The growing demand for cheaper renewables are enticing investors but the goal to achieve clean energy is motivating policymakers to implement new standards. Despite the lack of federal adoption, 29 states and the District of Columbia have enacted renewable portfolio standards (RPSs) requiring that a certain fraction of their electricity mix come from renewable power technologies, such as wind or solar. Since money talks, a team at MIT wanted to connect a monetary value to stronger standards. The MIT team examined electricity-consuming activities in all sectors and tracked changes in emissions, costs and benefits for specific regions. The study used modeling framework to determine the economic cost of a renewable energy or climate policy and the benefits it will provide in terms of air quality, human health, and climate change. Depending on the assumptions used, the analyses produced a range of results. Eager to apply their model, results were presented last summer when the Ohio state legislature began considering a bill that would both repeal the state’s RPS and subsidize existing coal and nuclear power plants. Emil Dimanchev, a senior research associate at the MIT Center for Energy and Environmental Policy Research presented analysis of the benefits to Ohio on its current RPS. After pointing out that Ohio topped the nation in the number of premature deaths attributed to power plant pollution in 2005, he shared his results. He found that by protecting human health, the RPS would generate an annual economic benefit to Ohio of $470 million in 2030. He further calculated that, starting in 2030, the RPS would avoid the premature deaths of 50 Ohio residents each year. Given the estimated cost of the bill at $300 million, he concluded that the RPS would have a net benefit to the state of $170 million in 2030. “Hopefully, Emil’s testimony raised some awareness of the tradeoffs that a state like Ohio faces as they reconsider their RPSs,” says Selin. Money should motivate legislators in other states to consider how strengthening their RPSs could benefit their economies and communities.
Weather the Storm
Hearing the health benefits may move people to change and conforming to new laws is challenging but not impossible. How can utilities help investors avoid pitfalls? To ease the impact on investors, PG&E Corp. eliminated its dividend in 2017 when the company's liabilities rose due to wildfires caused by its equipment and California's regulatory rule. Of course, some events are unforeseeable but following market trends and growth can reduce risk. On a positive note, California is on track to get 50% of its electricity from clean sources by year’s end and has already ratified SB 100, the senate bill that requires 100% of the state’s power requirements to be supplied by clean energy sources by 2045. Laura Wisland of the Union of Concerned Scientists has told KQED Science that California’s cost of solar and wind power is already competitive with natural gas. Other areas experiencing growth are energy storage and battery manufacturing. Investment banking company, UBS, estimates that the United States energy storage market could grow as much as $426 billion over the next decade. Investment in renewable energy capacity worldwide was $282.2 billion last year, up 1% from 2018’s $280.2 billion. China was the biggest investor in renewables, at $83.4 billion in 2019. The U.S. was the second-largest investing country in renewable energy capacity, at $55.5 billion, up 28% in 2018. Looking at the overall renewable energy capacity investment figures for 2019, wind (onshore and offshore) led the way with $138.2 billion globally, up 6%. Solar was close behind, at $131.1 billion, down 3%. Falling capital costs in wind and solar meant that the two combined are likely to have seen around 180 gigawatts added last year, up some 20GW in 2018.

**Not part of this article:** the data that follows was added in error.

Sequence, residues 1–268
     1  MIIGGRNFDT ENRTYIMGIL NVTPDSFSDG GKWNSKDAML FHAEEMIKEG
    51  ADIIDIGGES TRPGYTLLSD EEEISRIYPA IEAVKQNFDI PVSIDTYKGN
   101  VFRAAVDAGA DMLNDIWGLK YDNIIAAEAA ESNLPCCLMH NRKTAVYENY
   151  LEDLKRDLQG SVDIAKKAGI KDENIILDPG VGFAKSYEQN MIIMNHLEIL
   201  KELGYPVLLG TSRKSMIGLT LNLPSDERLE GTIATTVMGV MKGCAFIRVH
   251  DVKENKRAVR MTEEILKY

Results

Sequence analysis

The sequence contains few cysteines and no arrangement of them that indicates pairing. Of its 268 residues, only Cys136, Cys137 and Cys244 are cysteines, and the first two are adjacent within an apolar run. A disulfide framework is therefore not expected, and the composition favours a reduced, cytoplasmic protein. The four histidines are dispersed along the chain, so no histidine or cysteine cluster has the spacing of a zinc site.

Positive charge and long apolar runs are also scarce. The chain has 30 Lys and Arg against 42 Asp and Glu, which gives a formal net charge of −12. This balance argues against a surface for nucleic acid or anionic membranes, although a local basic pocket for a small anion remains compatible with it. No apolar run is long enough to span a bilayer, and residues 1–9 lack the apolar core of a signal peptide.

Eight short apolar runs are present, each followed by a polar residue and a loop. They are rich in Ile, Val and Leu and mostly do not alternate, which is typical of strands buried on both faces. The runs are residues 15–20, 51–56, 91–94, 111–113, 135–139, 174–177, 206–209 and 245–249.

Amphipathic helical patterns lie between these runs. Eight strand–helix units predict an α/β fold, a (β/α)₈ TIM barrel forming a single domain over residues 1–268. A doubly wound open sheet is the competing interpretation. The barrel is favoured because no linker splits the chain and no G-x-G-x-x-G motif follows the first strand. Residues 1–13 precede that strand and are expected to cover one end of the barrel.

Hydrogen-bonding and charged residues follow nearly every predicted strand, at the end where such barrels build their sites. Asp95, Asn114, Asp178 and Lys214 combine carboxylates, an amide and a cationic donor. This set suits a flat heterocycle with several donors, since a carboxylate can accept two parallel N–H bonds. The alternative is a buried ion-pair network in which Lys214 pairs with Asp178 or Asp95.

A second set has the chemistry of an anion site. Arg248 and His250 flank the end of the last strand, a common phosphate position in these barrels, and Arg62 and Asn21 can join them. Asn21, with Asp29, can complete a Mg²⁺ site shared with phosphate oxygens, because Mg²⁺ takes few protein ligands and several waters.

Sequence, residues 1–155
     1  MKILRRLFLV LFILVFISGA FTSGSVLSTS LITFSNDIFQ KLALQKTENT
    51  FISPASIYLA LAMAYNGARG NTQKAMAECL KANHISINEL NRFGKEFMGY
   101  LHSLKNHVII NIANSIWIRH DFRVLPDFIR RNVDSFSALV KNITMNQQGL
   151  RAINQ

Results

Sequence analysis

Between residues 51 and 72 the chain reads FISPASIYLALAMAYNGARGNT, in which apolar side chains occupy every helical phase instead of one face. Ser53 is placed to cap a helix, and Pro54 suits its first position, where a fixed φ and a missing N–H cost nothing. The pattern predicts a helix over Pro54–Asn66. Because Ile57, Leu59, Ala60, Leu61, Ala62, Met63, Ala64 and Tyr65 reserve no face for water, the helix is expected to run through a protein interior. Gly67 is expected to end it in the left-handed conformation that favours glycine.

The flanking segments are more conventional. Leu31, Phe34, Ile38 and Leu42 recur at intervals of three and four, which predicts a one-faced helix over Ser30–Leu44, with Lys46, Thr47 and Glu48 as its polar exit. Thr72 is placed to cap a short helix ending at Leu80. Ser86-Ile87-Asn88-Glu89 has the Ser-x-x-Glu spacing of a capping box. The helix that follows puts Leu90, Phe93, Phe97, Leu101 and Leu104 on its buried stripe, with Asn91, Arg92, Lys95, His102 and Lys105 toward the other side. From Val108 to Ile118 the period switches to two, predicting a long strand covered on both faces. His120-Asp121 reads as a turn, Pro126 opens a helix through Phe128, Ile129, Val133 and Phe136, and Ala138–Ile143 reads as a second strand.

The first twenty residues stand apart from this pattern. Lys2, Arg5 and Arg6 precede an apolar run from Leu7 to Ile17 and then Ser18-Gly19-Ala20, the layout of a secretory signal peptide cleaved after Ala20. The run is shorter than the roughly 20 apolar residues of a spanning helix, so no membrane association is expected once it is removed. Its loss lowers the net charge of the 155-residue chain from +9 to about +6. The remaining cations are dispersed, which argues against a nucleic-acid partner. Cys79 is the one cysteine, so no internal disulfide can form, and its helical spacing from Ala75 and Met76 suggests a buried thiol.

Utilities are embracing change and if they can crack the code, investors can capture a massive economic opportunity and enjoy growth for decades.